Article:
10 EU. Regulation (EU) 2019/1242 of the European Parliament and of the Council of 20 June 2019 Setting CO2 emission performance standards for new heavy-duty vehicles and amending Regulations (EC) No 595/2009 and (EU) 2018/956 of the European Parliament. Off. J. Eur. Union L 198, 202–240 (2019).

11 Regulation (EU) 2019/631. Regulation (EU) 2019/631 of the European Parliament and of the Council of 17 April 2019 setting CO2 emission performance standards for new passenger cars and for new light commercial vehicles, and repealing Regulations (EC) No 443/2009 and (EU) No 510/201. Off. J. Eur. Union 62, 13–53 (2019).

12 European Parliament. Regulation (EU) 2018/842. Off. J. Eur. Union 2018, 26–42 (2018).

13 European Commission. Regulation (EU) 2018/841 of the European Parliament and of the Council of 30 May 2018 on the inclusion of greenhouse gas emissions and removals from land use, land use change and forestry in the 2030 climate and energy framework, and amending Regulation. Off. J. Eur. Union 19, 1–25 (2018).

14 Considering LULUCF sink projected by the Commission at 472 MtCO₂ (Scenario 1.5LIFE). Excluding LULUCF net-zero GHG would be brought twenty years later.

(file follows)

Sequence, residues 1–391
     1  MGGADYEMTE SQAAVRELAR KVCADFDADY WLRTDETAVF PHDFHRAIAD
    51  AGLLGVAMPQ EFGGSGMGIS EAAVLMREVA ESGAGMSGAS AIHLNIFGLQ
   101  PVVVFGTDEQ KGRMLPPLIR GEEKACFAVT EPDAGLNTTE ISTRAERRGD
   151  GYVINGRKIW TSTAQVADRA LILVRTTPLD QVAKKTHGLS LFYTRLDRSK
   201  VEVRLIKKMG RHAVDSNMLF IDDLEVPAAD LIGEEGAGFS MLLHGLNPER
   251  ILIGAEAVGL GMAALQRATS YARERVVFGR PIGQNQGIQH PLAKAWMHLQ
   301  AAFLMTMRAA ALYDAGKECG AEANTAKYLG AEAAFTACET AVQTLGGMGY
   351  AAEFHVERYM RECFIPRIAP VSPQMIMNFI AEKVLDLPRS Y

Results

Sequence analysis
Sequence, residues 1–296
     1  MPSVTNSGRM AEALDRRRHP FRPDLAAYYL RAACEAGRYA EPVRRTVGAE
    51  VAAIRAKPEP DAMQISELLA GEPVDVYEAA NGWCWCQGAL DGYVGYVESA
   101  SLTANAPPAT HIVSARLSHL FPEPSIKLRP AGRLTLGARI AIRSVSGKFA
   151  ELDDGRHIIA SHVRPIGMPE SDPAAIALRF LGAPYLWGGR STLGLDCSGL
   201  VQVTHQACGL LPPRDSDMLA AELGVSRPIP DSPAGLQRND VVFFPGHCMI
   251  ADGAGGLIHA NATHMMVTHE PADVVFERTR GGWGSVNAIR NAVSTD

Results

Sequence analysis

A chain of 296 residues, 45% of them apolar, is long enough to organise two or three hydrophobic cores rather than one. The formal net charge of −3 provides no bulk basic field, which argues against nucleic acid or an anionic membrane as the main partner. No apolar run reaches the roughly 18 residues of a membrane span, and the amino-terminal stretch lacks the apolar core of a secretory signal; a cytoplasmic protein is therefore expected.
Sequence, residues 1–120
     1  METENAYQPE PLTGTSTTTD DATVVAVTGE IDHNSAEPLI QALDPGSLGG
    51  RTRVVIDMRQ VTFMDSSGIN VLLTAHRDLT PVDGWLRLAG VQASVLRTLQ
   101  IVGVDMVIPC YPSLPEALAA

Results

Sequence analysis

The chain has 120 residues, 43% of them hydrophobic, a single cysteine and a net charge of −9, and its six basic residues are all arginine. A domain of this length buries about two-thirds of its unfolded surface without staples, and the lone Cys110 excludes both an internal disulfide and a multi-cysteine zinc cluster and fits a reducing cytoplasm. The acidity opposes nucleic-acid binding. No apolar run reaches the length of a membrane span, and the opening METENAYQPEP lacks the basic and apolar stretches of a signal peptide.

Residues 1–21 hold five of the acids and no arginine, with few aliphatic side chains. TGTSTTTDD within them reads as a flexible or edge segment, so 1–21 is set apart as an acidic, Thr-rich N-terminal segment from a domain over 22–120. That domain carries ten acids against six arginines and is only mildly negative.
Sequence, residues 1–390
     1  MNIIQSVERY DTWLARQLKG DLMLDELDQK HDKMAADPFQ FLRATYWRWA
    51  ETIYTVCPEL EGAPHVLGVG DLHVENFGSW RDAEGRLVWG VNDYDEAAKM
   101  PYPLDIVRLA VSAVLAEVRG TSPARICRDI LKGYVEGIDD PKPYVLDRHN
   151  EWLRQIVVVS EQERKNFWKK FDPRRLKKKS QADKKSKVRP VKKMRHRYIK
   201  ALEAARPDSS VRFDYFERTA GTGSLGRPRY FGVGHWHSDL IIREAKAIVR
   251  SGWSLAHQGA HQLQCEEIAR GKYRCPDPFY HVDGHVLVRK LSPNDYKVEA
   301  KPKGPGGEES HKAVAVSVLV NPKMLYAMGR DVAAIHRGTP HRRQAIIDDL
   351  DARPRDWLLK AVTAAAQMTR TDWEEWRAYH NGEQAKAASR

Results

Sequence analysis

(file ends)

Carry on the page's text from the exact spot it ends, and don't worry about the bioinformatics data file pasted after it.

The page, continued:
15 While global cost-effective pathways assessed by the IPCC Special Report 1.5°C provide useful guidance for an upper-limit of emissions trajectories for developed countries, they underestimate the feasible space for such countries to reach net zero earlier. The current generation of models tend to depend strongly on land-use sinks outside of currently developed countries and include fossil fuel use well beyond the time at which these could be phased out, compared to what is understood from bottom-up approaches. The scientific teams which provide these global pathways constantly improve the technologies represented in their models – and novel CDR technologies are now being included in new studies focused on deep mitigation scenarios meeting the Paris Agreement. A wide assessment database of these new scenarios is not yet available; thus, we rely on available scenarios which focus particularly on BECCS as a net-negative emission technology. Accordingly, we do not yet consider land-sector emissions (LULUCF) and other CDR approaches which developed countries will need to implement in order to counterbalance their remaining emissions and reach net zero GHG are not considered here due to data availability.